From left, seniors Matthew Tacktill, Ryan and Nick Starkman, Taylor...

From left, seniors Matthew Tacktill, Ryan and Nick Starkman, Taylor DeStefani and Melissa Erul of East Rockaway High School, stand across from their school after learning that school officials say they cannot march in their graduation because of their participation in a water-balloon fight that was off campus and after school. (May 27, 2011) Credit: Patrick E. McCarthy

Parents of a group of East Rockaway High School seniors banned from the senior prom and graduation ceremony for their participation in a water balloon fight made last-minute pleas Tuesday for administrators to rescind the ban.

The ban by district Superintendent Roseanne Melucci stood late in the day, parents said. But according to the parents who met with administrators one-on-one, the school board was expected to meet in closed session Tuesday night to consider the issue. About 50 students took part in the water balloon fight, but school officials would not say how many were affected by the ban.

"Basically [administrators] said this is the consequence for their actions," said Lori DeStefani, mother of senior Taylor DeStefani, 17, who was banned.

"We made an appeal to the superintendent, and she treated us unfairly," said Chris Galligan of East Rockaway, father of Tommy Galligan, 17, who will graduate with honors, but won't be able to participate in prom or commencement.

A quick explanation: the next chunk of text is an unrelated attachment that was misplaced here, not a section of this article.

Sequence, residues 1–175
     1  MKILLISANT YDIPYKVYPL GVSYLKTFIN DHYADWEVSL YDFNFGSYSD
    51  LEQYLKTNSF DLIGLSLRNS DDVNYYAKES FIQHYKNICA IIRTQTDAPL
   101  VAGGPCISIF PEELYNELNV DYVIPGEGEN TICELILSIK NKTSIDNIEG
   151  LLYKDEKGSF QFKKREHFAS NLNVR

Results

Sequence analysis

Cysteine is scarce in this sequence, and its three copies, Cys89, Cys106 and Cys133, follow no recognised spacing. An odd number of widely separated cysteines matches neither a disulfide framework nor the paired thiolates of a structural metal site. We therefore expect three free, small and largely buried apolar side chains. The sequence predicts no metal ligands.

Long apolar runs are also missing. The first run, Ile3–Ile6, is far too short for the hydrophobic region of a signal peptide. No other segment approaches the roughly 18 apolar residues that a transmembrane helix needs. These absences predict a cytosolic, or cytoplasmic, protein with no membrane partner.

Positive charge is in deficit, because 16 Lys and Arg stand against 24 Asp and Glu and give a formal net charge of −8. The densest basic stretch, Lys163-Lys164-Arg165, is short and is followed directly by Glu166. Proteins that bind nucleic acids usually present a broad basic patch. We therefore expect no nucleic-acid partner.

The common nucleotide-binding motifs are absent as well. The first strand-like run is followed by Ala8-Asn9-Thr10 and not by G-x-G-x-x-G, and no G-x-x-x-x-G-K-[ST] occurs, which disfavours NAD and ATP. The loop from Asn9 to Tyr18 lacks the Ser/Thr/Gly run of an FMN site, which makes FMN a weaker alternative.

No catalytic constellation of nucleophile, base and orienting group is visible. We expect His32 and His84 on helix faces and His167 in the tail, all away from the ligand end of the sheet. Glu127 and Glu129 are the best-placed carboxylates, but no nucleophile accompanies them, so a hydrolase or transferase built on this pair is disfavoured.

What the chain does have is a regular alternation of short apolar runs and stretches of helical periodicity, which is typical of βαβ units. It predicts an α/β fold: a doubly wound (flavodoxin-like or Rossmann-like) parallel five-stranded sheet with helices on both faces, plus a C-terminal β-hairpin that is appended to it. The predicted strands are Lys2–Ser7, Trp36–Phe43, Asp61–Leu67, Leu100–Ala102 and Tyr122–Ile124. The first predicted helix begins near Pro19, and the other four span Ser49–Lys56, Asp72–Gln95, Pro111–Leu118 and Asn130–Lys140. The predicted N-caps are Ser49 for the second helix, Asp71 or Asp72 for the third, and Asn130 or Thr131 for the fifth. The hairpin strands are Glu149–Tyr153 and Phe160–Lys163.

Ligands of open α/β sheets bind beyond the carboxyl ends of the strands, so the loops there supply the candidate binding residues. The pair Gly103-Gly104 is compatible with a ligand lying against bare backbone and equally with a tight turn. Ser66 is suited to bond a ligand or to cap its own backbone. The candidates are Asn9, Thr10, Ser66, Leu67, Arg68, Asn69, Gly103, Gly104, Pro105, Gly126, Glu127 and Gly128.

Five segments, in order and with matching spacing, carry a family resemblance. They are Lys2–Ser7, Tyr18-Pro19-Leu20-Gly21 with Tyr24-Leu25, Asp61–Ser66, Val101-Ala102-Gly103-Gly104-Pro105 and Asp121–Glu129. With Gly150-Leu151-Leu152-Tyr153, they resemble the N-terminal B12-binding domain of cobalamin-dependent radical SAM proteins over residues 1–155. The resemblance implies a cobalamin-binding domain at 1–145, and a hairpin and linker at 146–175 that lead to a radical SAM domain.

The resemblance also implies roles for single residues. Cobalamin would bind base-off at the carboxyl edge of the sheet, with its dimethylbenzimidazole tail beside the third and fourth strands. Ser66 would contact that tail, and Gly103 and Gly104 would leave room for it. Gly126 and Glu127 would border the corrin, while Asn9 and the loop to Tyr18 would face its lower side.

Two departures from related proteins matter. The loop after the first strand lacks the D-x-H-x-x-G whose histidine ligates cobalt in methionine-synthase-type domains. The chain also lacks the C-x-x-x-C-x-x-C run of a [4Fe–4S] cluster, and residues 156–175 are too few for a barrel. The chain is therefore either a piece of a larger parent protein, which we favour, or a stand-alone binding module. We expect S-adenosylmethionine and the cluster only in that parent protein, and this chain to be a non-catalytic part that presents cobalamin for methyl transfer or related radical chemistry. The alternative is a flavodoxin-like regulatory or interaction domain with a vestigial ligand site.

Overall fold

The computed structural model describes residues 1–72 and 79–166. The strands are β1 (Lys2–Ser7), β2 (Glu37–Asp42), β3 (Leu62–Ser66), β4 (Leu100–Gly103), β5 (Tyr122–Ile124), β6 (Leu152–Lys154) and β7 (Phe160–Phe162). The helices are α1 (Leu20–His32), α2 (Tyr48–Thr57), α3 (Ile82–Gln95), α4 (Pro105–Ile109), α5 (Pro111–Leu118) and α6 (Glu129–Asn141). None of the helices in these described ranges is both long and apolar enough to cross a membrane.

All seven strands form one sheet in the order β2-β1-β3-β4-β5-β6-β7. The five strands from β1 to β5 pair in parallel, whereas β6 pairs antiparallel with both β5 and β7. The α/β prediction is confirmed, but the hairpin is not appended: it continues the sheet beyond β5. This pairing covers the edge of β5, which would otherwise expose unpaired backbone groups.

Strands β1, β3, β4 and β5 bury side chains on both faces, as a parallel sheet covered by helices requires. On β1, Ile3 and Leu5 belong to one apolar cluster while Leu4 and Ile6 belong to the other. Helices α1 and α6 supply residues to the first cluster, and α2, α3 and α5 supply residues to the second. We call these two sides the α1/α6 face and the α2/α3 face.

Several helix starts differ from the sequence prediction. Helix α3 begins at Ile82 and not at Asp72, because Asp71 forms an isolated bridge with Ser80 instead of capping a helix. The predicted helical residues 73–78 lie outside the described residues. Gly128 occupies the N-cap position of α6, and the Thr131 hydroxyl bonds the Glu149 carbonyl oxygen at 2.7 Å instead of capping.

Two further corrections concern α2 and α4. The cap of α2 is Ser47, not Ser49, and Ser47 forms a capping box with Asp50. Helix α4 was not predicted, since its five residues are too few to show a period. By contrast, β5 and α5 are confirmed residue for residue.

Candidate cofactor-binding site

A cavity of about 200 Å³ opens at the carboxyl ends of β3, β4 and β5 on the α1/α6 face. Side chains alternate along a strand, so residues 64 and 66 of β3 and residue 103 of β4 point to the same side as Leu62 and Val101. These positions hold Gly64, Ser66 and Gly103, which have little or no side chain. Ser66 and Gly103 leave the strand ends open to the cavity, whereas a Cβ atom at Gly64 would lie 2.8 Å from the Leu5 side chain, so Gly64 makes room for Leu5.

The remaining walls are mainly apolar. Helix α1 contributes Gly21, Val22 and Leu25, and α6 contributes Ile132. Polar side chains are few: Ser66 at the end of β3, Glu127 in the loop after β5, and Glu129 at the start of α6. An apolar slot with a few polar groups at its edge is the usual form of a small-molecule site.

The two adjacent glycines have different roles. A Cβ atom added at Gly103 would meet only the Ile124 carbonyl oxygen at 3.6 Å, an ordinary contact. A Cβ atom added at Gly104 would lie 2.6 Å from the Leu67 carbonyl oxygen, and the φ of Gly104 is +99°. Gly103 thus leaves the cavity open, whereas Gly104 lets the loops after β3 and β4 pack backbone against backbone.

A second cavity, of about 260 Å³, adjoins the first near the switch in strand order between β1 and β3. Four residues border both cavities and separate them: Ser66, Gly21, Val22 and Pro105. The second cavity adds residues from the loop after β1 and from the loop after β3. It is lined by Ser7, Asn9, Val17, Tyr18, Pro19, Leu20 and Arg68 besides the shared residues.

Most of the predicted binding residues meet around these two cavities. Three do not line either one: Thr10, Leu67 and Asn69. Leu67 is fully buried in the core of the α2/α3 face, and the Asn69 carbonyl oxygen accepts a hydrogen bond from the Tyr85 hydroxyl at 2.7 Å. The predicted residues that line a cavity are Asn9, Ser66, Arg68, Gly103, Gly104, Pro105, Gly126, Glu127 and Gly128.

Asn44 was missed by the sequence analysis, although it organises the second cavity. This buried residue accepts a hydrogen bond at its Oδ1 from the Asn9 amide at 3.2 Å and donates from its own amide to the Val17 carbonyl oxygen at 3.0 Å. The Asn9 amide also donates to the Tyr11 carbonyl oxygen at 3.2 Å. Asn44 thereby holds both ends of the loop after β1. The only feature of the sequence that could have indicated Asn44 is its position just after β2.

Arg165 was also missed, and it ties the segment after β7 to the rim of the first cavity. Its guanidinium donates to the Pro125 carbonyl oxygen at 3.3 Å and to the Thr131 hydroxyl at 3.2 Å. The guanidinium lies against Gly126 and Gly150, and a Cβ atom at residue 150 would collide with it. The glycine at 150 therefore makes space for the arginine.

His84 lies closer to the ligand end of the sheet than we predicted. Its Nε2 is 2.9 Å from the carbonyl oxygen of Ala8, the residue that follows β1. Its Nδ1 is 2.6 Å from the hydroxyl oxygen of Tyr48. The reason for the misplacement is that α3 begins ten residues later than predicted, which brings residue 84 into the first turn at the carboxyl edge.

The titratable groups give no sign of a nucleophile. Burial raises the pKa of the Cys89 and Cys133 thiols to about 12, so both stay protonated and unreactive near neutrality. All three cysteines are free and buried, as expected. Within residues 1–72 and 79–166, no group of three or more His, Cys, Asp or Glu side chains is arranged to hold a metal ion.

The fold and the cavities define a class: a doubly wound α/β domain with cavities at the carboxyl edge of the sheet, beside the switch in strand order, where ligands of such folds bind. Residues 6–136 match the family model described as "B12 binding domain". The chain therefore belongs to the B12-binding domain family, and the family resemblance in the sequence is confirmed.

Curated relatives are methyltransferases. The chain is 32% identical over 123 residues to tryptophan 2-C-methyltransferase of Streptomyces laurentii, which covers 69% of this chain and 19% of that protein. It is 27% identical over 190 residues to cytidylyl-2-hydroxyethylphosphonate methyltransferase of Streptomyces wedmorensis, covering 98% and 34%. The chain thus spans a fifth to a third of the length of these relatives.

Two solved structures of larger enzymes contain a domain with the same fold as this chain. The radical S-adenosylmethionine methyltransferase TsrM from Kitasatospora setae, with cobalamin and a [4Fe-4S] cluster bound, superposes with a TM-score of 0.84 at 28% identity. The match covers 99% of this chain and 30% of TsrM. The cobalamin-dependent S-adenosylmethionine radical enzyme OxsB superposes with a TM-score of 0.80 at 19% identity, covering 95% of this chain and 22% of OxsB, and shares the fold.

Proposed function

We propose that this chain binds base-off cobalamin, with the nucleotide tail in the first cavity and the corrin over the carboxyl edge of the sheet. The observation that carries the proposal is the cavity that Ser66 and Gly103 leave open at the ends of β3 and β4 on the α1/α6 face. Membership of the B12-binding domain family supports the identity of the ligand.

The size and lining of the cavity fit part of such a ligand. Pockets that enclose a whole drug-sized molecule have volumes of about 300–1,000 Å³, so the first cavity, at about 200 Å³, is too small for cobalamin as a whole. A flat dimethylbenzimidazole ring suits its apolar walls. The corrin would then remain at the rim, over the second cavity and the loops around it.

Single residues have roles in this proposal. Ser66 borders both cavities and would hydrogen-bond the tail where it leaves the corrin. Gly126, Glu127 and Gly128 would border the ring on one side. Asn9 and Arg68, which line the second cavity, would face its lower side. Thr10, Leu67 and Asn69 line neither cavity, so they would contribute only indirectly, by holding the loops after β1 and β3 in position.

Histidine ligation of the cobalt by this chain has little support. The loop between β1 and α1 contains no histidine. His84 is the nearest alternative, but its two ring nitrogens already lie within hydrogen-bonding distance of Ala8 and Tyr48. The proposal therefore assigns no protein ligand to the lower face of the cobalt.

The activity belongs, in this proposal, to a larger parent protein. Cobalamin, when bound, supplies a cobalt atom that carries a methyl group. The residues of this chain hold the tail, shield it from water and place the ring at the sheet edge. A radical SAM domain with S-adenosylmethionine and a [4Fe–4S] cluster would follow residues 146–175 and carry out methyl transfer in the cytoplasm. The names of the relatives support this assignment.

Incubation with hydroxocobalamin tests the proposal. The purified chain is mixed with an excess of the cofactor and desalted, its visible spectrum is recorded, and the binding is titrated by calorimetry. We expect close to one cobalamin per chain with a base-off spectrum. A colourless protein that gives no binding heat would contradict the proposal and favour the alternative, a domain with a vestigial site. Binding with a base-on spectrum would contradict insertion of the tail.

"The punishment doesn't fit the offense," said Galligan's wife, Patrice, wiping her eyes. "I'm heartbroken. From when he was a little boy, I've waited for this."

The annual balloon battle took place across the street from the school June 14. According to an email statement from Melucci, two high school administrators, a crossing guard and uninvolved "defenseless" students were hit as they left school, causing safety and traffic concerns. Several students were told to stop and refused, she said.

Melucci said in the statement that the students and parents had been warned they might be banned from graduation, the prom and other activities if they engaged in "disruptive acts."

Janet Matthews, who is now retired but taught in East Rockaway schools for 27 years, shook her head as she talked about the ban. "They're a bunch of great kids and they shouldn't be punished like this," said Matthews, who added that she has known most of the seniors since they were in grade school. "The punishment is too harsh. Everybody deserves a second chance."

With William Murphy

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